Willis O'Brien


Special Effects Artist

About

Also Known As
Willis H O'Brien, Willis H. O'Brien
Birth Place
Oakland, California, USA
Born
March 02, 1886
Died
November 08, 1962

Biography

Former marble-cutter and cartoonist who began using stop-motion photography to make short films, often featuring models of dinosaurs, in the early teens. O'Brien's efforts attracted the attention of the Edison company, for whom he made ten five-minute shorts on Stone Age subjects before applying his talents to feature films in the 20s. O'Brien pioneered the use of rubber, rather than cla...

Photos & Videos

King Kong - Production Art
King Kong - Lobby Cards
The Giant Behemoth - Lobby Cards

Biography

Former marble-cutter and cartoonist who began using stop-motion photography to make short films, often featuring models of dinosaurs, in the early teens. O'Brien's efforts attracted the attention of the Edison company, for whom he made ten five-minute shorts on Stone Age subjects before applying his talents to feature films in the 20s. O'Brien pioneered the use of rubber, rather than clay, models, an innovation that first reached the screen in "The Lost World" (1925). Other outstanding examples of O'Brien's work include the oversized apes of "King Kong" (1933) and "Mighty Joe Young" (1949).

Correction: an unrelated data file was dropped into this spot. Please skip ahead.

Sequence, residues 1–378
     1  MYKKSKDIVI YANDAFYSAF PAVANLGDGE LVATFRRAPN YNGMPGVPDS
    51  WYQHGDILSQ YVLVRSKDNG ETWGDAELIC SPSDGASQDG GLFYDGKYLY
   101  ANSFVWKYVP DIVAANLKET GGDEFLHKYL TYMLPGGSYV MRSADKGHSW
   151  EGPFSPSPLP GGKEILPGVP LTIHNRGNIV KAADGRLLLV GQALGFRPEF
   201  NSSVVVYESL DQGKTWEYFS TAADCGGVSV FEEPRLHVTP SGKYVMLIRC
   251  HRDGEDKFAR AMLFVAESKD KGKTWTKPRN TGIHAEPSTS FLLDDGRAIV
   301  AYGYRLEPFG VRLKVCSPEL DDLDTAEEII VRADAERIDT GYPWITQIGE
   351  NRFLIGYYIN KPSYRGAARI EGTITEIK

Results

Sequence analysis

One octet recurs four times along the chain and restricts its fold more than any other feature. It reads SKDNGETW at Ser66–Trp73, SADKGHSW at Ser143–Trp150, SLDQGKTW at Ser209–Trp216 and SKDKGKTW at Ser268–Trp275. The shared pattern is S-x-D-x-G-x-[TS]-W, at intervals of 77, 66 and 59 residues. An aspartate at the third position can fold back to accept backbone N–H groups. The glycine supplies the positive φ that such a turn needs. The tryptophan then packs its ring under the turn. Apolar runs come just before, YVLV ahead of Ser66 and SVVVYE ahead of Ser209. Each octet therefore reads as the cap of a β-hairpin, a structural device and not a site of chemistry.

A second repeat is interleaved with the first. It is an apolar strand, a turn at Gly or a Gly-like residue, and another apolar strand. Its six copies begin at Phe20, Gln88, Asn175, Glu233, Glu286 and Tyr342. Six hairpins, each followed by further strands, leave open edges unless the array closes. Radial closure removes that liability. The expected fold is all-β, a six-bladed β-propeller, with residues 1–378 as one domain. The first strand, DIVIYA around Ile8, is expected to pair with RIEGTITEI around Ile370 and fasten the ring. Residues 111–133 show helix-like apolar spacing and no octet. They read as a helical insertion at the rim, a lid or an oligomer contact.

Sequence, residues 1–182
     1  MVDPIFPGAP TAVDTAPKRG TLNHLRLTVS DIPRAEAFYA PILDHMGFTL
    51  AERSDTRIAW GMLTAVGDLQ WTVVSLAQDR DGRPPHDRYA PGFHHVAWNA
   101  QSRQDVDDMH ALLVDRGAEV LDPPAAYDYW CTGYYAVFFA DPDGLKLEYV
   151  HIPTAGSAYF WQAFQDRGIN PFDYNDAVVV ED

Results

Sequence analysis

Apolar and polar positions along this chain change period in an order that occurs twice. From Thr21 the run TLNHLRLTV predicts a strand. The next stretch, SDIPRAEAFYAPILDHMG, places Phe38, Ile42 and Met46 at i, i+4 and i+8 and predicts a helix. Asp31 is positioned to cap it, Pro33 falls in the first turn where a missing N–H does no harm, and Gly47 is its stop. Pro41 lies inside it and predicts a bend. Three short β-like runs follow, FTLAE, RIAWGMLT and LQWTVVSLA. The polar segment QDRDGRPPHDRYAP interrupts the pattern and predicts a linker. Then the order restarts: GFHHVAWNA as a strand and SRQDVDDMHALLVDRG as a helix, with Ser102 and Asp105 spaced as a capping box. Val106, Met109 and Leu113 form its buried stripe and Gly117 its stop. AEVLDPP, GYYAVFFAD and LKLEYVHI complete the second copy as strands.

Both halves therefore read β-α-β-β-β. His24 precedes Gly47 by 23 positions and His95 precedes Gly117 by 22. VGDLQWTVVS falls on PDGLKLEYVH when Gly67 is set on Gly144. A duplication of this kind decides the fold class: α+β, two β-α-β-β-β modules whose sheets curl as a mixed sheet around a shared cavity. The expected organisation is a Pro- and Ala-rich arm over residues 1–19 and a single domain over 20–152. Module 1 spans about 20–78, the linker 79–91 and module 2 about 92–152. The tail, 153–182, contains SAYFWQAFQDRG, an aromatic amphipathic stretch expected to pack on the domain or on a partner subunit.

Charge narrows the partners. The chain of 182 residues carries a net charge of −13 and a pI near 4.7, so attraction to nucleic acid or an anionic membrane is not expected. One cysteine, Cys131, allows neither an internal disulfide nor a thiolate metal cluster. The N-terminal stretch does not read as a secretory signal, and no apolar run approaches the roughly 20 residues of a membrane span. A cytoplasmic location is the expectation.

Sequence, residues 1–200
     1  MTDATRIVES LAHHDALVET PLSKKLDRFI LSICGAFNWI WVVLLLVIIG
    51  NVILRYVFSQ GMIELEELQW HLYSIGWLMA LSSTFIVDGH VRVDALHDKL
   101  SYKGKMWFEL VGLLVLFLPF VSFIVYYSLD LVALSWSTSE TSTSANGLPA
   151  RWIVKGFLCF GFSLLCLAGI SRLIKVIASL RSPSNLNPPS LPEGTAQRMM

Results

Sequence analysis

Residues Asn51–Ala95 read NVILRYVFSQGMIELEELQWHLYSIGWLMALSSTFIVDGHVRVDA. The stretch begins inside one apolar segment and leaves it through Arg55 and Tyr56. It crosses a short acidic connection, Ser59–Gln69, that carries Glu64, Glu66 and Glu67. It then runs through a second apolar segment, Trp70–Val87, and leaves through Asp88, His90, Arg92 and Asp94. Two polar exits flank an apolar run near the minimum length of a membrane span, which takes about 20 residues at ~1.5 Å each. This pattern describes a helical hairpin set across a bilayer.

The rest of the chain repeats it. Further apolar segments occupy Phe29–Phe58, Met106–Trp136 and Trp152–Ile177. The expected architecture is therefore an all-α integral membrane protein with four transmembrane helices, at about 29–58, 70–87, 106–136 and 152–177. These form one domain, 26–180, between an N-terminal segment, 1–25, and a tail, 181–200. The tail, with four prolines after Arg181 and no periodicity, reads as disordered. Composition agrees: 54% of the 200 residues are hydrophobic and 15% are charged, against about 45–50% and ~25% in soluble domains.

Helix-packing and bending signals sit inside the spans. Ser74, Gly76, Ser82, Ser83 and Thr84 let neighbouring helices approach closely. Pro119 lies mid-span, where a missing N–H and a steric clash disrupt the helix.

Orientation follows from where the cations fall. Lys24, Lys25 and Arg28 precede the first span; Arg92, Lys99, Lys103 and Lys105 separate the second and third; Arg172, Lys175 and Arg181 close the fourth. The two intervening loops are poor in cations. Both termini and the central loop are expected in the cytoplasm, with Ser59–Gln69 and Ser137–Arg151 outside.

Life Events

Photo Collections

King Kong - Production Art
Here are several preproduction drawings made for King Kong (1933). Such art was done to show the studio heads what the finished film would look like, and to guide visualization for the special effects team.
King Kong - Lobby Cards
Here are a few Lobby Cards from King Kong (1933). Lobby Cards were 11" x 14" posters that came in sets of 8. As the name implies, they were most often displayed in movie theater lobbies, to advertise current or coming attractions.
The Giant Behemoth - Lobby Cards
Here are several lobby cards from The Giant Behemoth (1959), featuring stop-motion animation by Willis O'Brien. Lobby Cards were 11" x 14" posters that came in sets of 8. As the name implies, they were most often displayed in movie theater lobbies, to advertise current or coming attractions.